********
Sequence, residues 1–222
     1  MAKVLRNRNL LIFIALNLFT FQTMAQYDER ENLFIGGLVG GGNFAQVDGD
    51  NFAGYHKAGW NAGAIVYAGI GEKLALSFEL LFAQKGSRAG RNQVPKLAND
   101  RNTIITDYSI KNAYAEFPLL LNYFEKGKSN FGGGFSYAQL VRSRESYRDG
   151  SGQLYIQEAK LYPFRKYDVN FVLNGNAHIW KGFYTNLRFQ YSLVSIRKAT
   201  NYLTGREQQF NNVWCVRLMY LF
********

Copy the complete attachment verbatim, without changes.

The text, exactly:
Sequence, residues 1–222
     1  MAKVLRNRNL LIFIALNLFT FQTMAQYDER ENLFIGGLVG GGNFAQVDGD
    51  NFAGYHKAGW NAGAIVYAGI GEKLALSFEL LFAQKGSRAG RNQVPKLAND
   101  RNTIITDYSI KNAYAEFPLL LNYFEKGKSN FGGGFSYAQL VRSRESYRDG
   151  SGQLYIQEAK LYPFRKYDVN FVLNGNAHIW KGFYTNLRFQ YSLVSIRKAT
   201  NYLTGREQQF NNVWCVRLMY LF